Microsoft's long-anticipated and largely hyped Windows NT Server 5.0 is moving along in development, as evidenced by the company's recent release of the product's second public beta version. But there are still quite a few improvements that Microsoft must make before you can give NT Server the go-ahead in your enterprise.
The enhancements in NT Server will provide a stronger infrastructure for building distributed applications and solve some problems for current Microsoft customers. Microsoft, however, still has a long way to go before it can assure enterprise customers that the product will provide adequate functionality for customers to proceed with an upgrade or to migrate from other platforms, such as Novell's NetWare.
This latest beta release of NT Server shows quite a bit of improvement over the previous beta releases that I have tested. But the product still appears to be in a fairly early stage of beta testing.
Perhaps the most anticipated feature of NT Server is Microsoft's Active Directory. Although features such as transitive trusts, delegated administration, and multimaster replication will provide some relief for current NT Server 4.0 sites, Active Directory still relies rather heavily on the Windows NT "domain" construction, which introduces some limitations. In addition, there are a few issues that I found in the product that can make life more difficult for administrators.
In particular, Active Directory's implementation of hierarchical organisational units appears to lack the hierarchy, as each directory object still requires a globally unique name. For example, I created two organisational unit objects, which I called "Reviews" and "News". However, I was unable to create an "Editors" group in each container, because each directory object must have a unique relative name, regardless of the fact that they are in different directory containers.
This "flat" directory implementation is also evident in the user list dialogues, used to perform Active Directory administration. This makes the product more difficult to administer, because when selecting members of a group, for example, you can't limit the users displayed to just those in a particular organisational unit. Instead, you must scroll through a list of all users in a directory.
Finally, Microsoft claims to perform property-level synchronisation. However, based on my testing I found that if two administrators update the same directory object on different domain controllers within the space of a synchronisation interval, then the second administrator's changes will be applied and the first administrator's changes will be overwritten. This is true even if both administrators change different attributes of the same directory object, such as a user or group object.
NT Server will also sport an embedded management infrastructure that should help administrators ease the desktop-management burden. Key to these efforts is Microsoft's IntelliMirror technologies, which consist of Application Distribution, user data synchronisation between the client and ser-ver, and better distributed application and user policy management.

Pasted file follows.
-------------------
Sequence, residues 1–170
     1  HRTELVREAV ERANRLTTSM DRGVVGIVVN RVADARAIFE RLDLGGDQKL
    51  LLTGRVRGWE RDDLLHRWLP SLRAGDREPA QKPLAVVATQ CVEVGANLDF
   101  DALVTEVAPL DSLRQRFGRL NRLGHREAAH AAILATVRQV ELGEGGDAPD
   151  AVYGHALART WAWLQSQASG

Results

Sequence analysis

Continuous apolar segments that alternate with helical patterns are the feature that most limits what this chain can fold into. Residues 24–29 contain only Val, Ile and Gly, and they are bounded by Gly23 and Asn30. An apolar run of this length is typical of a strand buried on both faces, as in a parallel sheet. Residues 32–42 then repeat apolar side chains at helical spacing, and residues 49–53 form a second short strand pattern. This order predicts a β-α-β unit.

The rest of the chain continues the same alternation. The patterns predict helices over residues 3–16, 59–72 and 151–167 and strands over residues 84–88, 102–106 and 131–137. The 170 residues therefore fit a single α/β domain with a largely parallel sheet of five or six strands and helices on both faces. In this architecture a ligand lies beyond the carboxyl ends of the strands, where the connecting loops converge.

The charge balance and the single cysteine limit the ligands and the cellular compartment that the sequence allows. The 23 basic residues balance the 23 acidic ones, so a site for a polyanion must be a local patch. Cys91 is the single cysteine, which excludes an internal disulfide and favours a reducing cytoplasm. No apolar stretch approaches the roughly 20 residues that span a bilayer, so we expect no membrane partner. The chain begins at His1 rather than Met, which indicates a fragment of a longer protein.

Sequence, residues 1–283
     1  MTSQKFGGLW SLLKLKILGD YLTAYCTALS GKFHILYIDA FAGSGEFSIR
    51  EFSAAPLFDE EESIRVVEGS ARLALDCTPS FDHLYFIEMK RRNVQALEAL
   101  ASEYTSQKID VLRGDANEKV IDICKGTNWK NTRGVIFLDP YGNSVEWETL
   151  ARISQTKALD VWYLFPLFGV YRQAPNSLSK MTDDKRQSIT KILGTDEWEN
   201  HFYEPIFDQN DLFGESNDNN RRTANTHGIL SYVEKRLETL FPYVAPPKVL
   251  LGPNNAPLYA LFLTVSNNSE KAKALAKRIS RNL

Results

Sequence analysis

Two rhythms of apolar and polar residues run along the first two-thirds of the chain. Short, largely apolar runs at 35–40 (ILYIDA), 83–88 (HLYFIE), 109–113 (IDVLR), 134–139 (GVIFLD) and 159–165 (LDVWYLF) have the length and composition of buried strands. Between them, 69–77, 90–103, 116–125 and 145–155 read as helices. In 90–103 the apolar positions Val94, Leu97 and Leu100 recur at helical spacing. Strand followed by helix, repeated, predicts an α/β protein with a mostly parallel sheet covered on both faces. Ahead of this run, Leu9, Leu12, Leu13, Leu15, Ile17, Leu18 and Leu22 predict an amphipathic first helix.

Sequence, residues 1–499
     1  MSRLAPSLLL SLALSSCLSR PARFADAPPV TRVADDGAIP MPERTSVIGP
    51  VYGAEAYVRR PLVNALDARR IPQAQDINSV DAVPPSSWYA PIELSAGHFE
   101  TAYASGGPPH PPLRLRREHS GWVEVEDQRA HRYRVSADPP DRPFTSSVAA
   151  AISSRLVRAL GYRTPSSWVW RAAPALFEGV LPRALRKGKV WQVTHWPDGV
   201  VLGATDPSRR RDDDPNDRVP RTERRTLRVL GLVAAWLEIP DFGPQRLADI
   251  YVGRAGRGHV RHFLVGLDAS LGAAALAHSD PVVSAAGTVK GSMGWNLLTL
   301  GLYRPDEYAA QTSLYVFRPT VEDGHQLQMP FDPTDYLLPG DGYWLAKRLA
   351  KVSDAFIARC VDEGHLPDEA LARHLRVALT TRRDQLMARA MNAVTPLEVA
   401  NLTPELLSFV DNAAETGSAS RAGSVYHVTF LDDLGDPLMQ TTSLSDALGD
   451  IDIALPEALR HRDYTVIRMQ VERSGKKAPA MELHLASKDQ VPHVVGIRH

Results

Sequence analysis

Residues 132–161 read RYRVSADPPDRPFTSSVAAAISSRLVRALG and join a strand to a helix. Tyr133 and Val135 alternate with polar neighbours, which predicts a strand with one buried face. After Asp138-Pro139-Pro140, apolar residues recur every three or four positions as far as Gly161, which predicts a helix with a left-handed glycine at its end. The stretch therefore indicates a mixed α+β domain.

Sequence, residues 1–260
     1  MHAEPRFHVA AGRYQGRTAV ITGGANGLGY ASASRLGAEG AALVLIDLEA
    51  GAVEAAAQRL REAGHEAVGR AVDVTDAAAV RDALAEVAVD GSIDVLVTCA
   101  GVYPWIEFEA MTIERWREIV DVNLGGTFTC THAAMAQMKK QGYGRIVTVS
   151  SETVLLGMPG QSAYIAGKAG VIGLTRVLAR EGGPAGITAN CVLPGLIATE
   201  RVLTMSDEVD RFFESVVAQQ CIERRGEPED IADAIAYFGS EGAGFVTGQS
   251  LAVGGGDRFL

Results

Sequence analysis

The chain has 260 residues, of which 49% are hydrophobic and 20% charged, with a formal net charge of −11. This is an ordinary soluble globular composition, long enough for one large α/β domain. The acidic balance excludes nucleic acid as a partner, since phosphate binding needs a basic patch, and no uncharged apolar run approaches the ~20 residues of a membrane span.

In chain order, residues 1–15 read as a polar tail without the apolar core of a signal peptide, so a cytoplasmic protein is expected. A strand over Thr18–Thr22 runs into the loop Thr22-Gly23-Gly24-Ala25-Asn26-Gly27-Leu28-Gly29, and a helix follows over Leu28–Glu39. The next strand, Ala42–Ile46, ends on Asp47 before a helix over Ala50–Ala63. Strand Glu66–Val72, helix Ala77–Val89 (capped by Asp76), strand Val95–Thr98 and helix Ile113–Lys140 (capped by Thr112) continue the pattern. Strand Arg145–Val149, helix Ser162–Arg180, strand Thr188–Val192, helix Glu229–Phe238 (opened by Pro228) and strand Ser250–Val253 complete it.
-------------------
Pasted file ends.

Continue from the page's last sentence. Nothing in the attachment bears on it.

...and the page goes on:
Each of these technologies leverages the Active Directory. Overall, these capabilities performed well, however, NT Server's Application Distribution functionality suffers from a couple of drawbacks.
Microsoft has plans to provide administrators with the tools required for building application packages. This will allow administrators to more easily support current versions of applications. However, the ability to assign or publish applications and other IntelliMirror technologies will only be supported for Windows NT 5.0 clients. That means you will need to invest in a more robust application distribution platform, such as those available from Tivoli, Network Associates, or even Microsoft's Systems Management Server, to gain support for Windows 3.x, 9.x, or other platforms. In contrast, Novell's NetWare 5 application deployment tools provide an application installer and support for all Windows platforms.
There are also a number of networking improvements to NT Server, such as support for ATM and Layer 2 Tunneling Protocol, and various quality of service specifications, such as Resource Reservation Protocol, or RSVP. Microsoft has also implemented its Routing and Remote Access Server (RRAS) add-on to the product.
One key add-on to the RRAS feature set in this latest beta release is Network Address Translation (NAT). Setting up the NAT feature is pretty easy. However, Microsoft requires you to use a hard-coded private IP address on your internal network interface card.
Windows NT Server 5.0 brings many new features to the platform. The product is bound to capture the eye of distributed applications developers because many of its new services will ease the burden of writing distributed applications. However, core services such as the Active Directory still need quite a few improvements.
The Bottom Line
Windows NT Server 5.0, beta
This latest beta version of Microsoft's network operating system platform shows improvement over previous beta versions, but there are some notable deficiencies. Ship date is yet to be determined.
Pros: Active Directory eliminates some of the hassle associated with current domain architectures; core services, such as Transaction Server, Message Queue Server, and Certificate Server are included in the base platform; includes Microsoft's Terminal Server enhancements.
Cons: Active Directory still shows a lot of immaturity with respect to restrictions and beta bugs; Microsoft IntelliMirror technologies function only in tandem with NT Workstation 5.0.
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